Metadata tools can programmatically capture the important points about your data as it flows through your pipeline into your data warehouse. The goal is to map out the lineage of the data, understand what’s causing delays in the pipeline, and assist with pipeline debugging. These tools gives you a view of how your data is transformed to make sure the quality is high throughout the lifecycle.
Governance, risk, and compliance
I think this an overlooked area of the data infrastructure space which means it’s ripe for innovation and new entrants. As mentioned earlier, one of the most important factors for a data tool to become enterprise-ready is providing security and privacy for your customer’s data. Priyanka spoke about new regulations such as GDPR and CCPA forcing companies to be more strict with how they handle their users’ data. Priyanka wrote this blog post highlighting the different areas of compliance companies should be aware of along with a B2B staple: a map of all the tools.
Whether it’s evidence collection or providing tools for your auditors, more data startups are creating innovative solutions to help customers with a myriad of compliance needs.
The GTM motion for data infrastructure companies
This was one of the most important topics I wanted to discuss with Priyanka given my own background in this area. Unfortunately, this is one of the questions that got messed up in the recording, so I’ll try my best to summarize Priyanka’s response.
Priyanka first started by saying a key consideration for early-stage companies is asking yourself: do you go directly to the enterprise or start by selling to other startups? Figuring out your “wedge” can be an early differentiator for your brand and sales strategies.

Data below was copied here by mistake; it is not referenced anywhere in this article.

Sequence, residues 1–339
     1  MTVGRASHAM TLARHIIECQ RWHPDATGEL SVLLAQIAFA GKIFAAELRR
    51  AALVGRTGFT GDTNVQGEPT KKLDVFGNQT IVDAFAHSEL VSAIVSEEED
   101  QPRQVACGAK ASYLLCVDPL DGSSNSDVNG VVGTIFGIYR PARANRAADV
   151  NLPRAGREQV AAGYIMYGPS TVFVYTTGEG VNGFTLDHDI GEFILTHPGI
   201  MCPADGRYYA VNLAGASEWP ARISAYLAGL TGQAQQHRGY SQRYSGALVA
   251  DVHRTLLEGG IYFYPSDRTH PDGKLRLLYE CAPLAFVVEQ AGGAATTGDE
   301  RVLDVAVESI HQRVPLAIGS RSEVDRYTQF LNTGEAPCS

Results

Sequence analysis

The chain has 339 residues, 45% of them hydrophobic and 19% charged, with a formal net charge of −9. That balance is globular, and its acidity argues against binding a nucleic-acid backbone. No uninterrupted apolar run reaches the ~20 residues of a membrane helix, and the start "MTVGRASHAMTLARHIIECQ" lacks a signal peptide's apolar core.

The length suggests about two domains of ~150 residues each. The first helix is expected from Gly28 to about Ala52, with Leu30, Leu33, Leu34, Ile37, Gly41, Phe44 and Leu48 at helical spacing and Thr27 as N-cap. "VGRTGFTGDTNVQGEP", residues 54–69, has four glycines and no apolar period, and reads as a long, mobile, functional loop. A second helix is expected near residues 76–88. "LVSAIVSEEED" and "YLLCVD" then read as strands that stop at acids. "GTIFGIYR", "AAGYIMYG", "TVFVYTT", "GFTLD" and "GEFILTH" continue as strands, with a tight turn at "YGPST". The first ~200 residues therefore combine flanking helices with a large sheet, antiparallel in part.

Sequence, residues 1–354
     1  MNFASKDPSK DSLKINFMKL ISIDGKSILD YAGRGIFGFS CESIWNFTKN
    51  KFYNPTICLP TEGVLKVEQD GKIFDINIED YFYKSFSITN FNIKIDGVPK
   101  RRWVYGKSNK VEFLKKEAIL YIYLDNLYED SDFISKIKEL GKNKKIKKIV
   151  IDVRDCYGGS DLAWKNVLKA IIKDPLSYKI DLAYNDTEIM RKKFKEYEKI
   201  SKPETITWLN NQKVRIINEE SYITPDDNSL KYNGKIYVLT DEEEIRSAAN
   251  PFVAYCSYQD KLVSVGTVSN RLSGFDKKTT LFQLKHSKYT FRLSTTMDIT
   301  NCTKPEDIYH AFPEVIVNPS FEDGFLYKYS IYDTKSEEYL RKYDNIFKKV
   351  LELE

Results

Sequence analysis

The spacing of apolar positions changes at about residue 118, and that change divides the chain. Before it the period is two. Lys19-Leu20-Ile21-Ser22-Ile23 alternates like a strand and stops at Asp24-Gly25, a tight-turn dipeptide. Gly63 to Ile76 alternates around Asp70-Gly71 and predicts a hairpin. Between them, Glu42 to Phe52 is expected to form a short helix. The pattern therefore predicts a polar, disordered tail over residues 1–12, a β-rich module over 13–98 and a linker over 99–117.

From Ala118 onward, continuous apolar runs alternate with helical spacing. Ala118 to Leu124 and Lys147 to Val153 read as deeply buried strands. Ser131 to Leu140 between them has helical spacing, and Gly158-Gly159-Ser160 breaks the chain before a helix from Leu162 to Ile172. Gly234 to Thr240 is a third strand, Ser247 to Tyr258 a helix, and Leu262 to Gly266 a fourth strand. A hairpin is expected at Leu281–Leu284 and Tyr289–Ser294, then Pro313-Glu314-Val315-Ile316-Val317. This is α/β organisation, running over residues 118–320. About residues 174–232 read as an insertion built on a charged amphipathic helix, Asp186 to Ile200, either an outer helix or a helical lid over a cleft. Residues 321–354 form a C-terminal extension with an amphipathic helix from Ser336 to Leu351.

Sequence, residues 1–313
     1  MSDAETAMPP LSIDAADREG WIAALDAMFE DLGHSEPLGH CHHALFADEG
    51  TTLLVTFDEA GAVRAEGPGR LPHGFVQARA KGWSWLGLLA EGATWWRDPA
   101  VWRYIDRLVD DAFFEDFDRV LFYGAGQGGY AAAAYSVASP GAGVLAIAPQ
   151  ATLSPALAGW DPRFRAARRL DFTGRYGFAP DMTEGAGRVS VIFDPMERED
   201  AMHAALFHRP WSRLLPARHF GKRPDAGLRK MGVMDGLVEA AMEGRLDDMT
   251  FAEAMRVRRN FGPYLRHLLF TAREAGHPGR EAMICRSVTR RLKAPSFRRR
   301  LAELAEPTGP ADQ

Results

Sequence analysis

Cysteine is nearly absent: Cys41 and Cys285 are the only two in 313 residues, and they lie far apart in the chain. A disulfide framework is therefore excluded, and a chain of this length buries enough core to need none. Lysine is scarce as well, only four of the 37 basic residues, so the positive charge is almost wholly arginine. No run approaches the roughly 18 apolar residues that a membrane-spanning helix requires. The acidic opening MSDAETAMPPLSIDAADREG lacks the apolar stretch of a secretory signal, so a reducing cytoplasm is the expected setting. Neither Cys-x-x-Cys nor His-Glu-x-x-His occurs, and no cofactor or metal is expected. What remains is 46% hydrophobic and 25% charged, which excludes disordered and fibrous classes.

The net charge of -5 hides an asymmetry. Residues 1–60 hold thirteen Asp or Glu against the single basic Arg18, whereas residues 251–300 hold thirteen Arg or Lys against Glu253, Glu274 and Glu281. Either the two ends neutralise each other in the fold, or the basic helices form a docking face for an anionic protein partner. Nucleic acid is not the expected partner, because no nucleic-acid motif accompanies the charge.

In Work-Bench’s portfolio, the companies that go after SMB/mid-market have products that customers can quickly get started with. These are tools and platforms that most likely offer a generous free tier for the data team to experiment with. Product-led growth is probably also common with these tools since the SMB/mid-market consists of companies of all shapes and sizes. For enterprise-focused GTM, the founders probably have a lot of enterprise experience and are well-versed in selling a solution to multiple buyers at a large enterprise.
Work-Bench has their own GTM playbooks where they take best practices from a GTM “win” from one company and try to find a pattern that other companies can apply to their own GTM processes.
What to look out for in the data management space
Priyanka is most excited about tools for data operations space like dbt and Fivetran, and data warehouse tools like Snowflake and BigQuery. The most important feature of these tools: they give people a self-serve way to query data.
Thinking further down the pipeline, you have the actual consumers of the data analytics. In terms of data democratization, Priyanka thinks a shared interface where data is unlocked for end consumers could be an interesting feature for data tools to adopt. A world where the data engineer and the data analyst can collaborate together on the pipeline instead of each individual focusing on just their part of the story.
You don’t have to work at a VC like Work-Bench to stay on top of all the companies in the data infra space. Priyanka started the Data Source to give people an inside scoop on all things data and data infrastructure. Priyanka is always talking a lot of people in the data space to help hone her theses about the space, and you can follow her newsletter to see Priyanka “learn in public” as she does her research.
I’m always looking to learn. I want to know when I’m wrong.
Other Podcasts & Blog Posts
In the 2nd half of the episode, I talk about some episodes and blogs from other people I found interesting:
- Developer Love ep #12: Platform Success with Ceci Stallsmith and Paige Paquette of Calyx Consulting